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Mathematics Learning in Early Childhood: Paths Toward Excellence and Equity
Place value refers to the meaning of a digit in a written number as determined by its placement within the number.
Pre-service education refers to the formal education and training that one receives prior to having formal responsibility for a group of children.
Primary mathematics/focused mathematics time refers to a dedicated instructional time focused on mathematics as the primary goal.
Professional development is an umbrella term including both formal education and training.
Prompting thought processes refers to a particular feedback strategy for mathematics instruction that asks students to explain their thinking or actions.
Providing information refers to clarifying incorrect answers or providing very specific information about the correct answer.
Put together situations refer to addition/subtraction situations in which two quantities are put together to make a third quantity.
Relating and ordering refers to mathematical processes of comparing and placing in order.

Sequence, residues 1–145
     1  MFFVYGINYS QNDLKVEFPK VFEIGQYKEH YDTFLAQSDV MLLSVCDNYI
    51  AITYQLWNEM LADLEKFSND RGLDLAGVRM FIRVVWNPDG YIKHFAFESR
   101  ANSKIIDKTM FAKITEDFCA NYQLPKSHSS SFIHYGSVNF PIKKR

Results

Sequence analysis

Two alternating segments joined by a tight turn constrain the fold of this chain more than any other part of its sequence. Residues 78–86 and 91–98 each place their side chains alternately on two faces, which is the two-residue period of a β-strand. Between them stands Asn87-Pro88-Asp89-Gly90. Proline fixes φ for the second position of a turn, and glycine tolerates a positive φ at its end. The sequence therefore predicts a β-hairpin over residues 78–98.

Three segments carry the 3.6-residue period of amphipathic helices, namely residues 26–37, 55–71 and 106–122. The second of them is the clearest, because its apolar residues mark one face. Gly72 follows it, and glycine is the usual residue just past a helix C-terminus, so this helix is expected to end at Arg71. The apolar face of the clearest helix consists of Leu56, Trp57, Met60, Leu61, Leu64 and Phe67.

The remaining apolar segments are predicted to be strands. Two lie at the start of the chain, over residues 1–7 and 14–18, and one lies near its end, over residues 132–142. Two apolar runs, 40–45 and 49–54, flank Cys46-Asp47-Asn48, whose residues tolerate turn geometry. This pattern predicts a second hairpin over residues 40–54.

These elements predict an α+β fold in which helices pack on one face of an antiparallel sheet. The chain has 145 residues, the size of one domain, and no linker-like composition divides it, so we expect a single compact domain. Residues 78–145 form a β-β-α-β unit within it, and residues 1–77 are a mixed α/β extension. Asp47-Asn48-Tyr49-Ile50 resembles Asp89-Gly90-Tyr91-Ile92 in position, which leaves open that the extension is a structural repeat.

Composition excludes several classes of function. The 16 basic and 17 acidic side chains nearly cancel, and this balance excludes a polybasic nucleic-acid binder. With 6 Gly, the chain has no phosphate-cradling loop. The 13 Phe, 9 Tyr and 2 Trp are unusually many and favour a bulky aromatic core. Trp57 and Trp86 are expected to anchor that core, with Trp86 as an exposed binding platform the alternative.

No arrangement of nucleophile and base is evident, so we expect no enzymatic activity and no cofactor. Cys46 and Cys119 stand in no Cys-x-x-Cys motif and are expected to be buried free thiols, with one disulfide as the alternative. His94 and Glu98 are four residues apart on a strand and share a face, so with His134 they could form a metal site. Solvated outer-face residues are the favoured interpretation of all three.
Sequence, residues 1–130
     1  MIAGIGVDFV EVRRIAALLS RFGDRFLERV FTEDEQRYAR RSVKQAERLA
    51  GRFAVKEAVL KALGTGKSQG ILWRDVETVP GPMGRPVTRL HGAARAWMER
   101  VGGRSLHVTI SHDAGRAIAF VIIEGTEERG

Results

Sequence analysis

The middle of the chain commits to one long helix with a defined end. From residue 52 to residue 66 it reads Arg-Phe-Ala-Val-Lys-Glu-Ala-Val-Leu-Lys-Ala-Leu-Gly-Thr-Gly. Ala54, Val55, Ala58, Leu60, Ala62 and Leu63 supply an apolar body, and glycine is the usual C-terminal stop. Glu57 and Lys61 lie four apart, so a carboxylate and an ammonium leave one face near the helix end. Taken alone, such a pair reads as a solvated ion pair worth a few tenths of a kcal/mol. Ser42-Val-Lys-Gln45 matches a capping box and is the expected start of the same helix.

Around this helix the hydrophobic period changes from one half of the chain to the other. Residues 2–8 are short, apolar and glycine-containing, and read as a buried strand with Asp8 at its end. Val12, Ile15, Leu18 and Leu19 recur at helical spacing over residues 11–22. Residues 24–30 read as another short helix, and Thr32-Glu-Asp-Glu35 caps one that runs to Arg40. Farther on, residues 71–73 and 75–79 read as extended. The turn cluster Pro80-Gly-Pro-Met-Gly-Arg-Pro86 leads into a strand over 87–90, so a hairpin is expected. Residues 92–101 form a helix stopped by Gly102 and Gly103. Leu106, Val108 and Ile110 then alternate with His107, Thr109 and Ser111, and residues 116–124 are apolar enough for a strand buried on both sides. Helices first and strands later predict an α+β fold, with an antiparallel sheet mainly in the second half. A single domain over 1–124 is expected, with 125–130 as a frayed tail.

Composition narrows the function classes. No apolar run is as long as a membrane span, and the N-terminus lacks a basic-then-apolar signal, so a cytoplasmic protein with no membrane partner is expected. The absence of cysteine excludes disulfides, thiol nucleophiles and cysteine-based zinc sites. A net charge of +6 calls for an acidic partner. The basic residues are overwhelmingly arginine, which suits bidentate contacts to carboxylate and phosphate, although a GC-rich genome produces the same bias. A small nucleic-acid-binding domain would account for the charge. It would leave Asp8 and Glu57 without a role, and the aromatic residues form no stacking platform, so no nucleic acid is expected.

Relating parts and wholes level refers to a level of thinking that occurs when children combine pattern block shapes to make composites that they recognize as new shapes and to fill puzzles, with growing intentionality and anticipation.
Scaffolding refers to an instructional strategy in which the teacher provides information and assistance that allow children to perform at a higher level than they might be able to do on their own. It extends knowledge rather than verifying prior or existing knowledge.
Secondary (embedded) mathematics refers to a form of integration through which teaching and exposure to mathematics content is an ancillary activity. One or more subjects other than mathematics, such as literacy or science, are the primary goals of the activity.
Spatial orientation refers to knowing where one is and how to get around in the world. Children have cognitive systems that are based on their own position and their movements through space, as well as external references. They can learn to represent spatial relations and movement through space using both of these systems, eventually mathematizing their knowledge.
Spatial visualization/imagery refers to the process that occurs when there is understanding and performing imagined movements of two-dimensional and three-dimensional objects. To do this requires creating a mental image and manipulating it, showing the close relationship between these two cognitive abilities.